After a thorough physical examination, you may get imaging studies and tests done so that any problem may be visualized. These include X-ray, MRI, CT Scan, Myelogram, Discogram, Electromyogram, and bone scan. The MRI is most commonly used to look at the spine. Many changes and injuries to the spine can be seen by one of these methods and, together with history and physical, can help determine the best treatment plan.
There is such a wide range of back injury, no one treatment plan is right for everyone. The majority of simple back strains will resolve on their own in a matter of weeks, and require nothing more than a day or two of rest, followed by back-strengthening exercises and stretches. On the other hand, large disk herniations, especially with sciatic pain, require more aggressive treatment, and possibly surgery.
The goals of any treatment plan for LBP are:
1. to relieve the pain
2. to get back to pre-injury activities
3. to prevent future injury
Some general things you can do are: use warm or cold compresses to ease sore muscles, take aspirin or ibuprofen for the pain, do back strengthening exercises, and modify any activities that cause the pain. Being active and stretching will also help. Overweight people may find some benefit in losing weight to help their low back pain. Water therapy in a pool is another great way to exercise and soothe a sore back.
The links section of this page will connect you to some great resources for exercise programs and tell about treatments for specific back problems.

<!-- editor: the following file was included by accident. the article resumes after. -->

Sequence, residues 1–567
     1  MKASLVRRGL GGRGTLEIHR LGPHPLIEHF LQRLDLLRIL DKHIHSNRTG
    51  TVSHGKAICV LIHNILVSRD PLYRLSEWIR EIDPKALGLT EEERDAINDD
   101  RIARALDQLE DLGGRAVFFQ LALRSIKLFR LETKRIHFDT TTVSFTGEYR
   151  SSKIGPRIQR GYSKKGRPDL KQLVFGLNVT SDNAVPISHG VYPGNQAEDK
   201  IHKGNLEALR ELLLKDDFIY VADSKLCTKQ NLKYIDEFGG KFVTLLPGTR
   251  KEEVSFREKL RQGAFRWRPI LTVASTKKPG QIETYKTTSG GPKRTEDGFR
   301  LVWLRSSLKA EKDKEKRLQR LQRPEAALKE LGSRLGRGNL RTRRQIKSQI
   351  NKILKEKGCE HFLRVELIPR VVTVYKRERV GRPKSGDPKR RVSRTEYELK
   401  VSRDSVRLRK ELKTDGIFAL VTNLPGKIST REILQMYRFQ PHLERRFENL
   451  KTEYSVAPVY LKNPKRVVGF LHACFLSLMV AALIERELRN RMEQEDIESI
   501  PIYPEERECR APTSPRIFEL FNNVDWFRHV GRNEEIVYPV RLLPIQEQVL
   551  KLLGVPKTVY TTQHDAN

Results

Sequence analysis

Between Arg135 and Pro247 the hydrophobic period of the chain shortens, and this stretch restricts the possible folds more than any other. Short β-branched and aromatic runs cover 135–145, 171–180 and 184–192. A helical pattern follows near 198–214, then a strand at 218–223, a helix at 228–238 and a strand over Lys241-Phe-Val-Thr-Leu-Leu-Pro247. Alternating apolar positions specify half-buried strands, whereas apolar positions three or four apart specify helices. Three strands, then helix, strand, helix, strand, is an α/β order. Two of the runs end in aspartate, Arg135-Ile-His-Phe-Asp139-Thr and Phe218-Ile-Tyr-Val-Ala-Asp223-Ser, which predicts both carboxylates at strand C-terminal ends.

Injuries to the lumbar spine are the most common injuries in gymnastics, football, weightlifting, wrestling, dance, rowing, swimming and golf. Back injuries are also significant in many other sports. The following information on individual sports can be found in: The Low Back Pain Handbook, "The Lumbar Spine and Sports" by A.J. Cole et al. (see references).
Lumbar pain is most common in infielders, from constant bending. There is also severe stress on the lower back during the twisting motions involved in pitching and hitting. Prone to muscle and ligament strain and sprain, disk and facet injuries. Strengthen abdominal and back muscles through trunk exercises. Hitters may need to adjust swing to keep the back happy.
Centers are most prone to low back injury, especially strains and sprains, but also vertebral fractures from contact in the paint. Strengthening the back and stretching will help.
Prone to back strains and facet pain, as well as increased incidence of sciatic pain, mostly due to the position of the body on the bicycle. The best thing to do is correctly position yourself:
-if you rock side-to-side, lower your seat
-if one leg is longer than the other, build up the pedal on the shorter leg
-if the lumbar spine is too flexed, (bent over), raise the handlebar
Also, ride a good quality bike with properly inflated tires and a suspension system.
Low back pain is common in all types of dance and aerobics, but is most common in ballet. Dancers are prone to disk and facet pain due to hyperextension common in dance moves and lifts. Maintain proper posture, concentrate on flexibility, emphasize abdominal strength and cut down on arabesque-type movements to protect the back.